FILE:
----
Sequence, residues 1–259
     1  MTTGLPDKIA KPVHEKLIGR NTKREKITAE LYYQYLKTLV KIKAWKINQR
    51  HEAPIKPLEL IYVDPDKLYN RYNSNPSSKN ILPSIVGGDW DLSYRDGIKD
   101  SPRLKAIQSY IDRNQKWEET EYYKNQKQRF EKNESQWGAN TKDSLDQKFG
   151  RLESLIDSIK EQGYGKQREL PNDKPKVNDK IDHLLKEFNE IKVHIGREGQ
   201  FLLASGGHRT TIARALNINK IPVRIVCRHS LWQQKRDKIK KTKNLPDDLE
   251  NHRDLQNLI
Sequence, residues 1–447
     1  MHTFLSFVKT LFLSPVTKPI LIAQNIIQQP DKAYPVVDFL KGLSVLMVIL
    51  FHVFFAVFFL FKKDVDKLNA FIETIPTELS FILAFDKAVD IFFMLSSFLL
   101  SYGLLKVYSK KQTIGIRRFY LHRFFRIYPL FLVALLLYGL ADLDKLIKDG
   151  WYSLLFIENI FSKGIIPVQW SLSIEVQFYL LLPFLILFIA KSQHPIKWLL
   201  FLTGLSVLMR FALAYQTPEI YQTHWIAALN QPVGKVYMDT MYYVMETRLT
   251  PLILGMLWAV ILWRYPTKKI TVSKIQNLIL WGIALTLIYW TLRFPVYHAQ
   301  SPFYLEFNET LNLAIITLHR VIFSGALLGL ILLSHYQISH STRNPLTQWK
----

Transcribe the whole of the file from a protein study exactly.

Sequence, residues 1–259
     1  MTTGLPDKIA KPVHEKLIGR NTKREKITAE LYYQYLKTLV KIKAWKINQR
    51  HEAPIKPLEL IYVDPDKLYN RYNSNPSSKN ILPSIVGGDW DLSYRDGIKD
   101  SPRLKAIQSY IDRNQKWEET EYYKNQKQRF EKNESQWGAN TKDSLDQKFG
   151  RLESLIDSIK EQGYGKQREL PNDKPKVNDK IDHLLKEFNE IKVHIGREGQ
   201  FLLASGGHRT TIARALNINK IPVRIVCRHS LWQQKRDKIK KTKNLPDDLE
   251  NHRDLQNLI
Sequence, residues 1–447
     1  MHTFLSFVKT LFLSPVTKPI LIAQNIIQQP DKAYPVVDFL KGLSVLMVIL
    51  FHVFFAVFFL FKKDVDKLNA FIETIPTELS FILAFDKAVD IFFMLSSFLL
   101  SYGLLKVYSK KQTIGIRRFY LHRFFRIYPL FLVALLLYGL ADLDKLIKDG
   151  WYSLLFIENI FSKGIIPVQW SLSIEVQFYL LLPFLILFIA KSQHPIKWLL
   201  FLTGLSVLMR FALAYQTPEI YQTHWIAALN QPVGKVYMDT MYYVMETRLT
   251  PLILGMLWAV ILWRYPTKKI TVSKIQNLIL WGIALTLIYW TLRFPVYHAQ
   301  SPFYLEFNET LNLAIITLHR VIFSGALLGL ILLSHYQISH STRNPLTQWK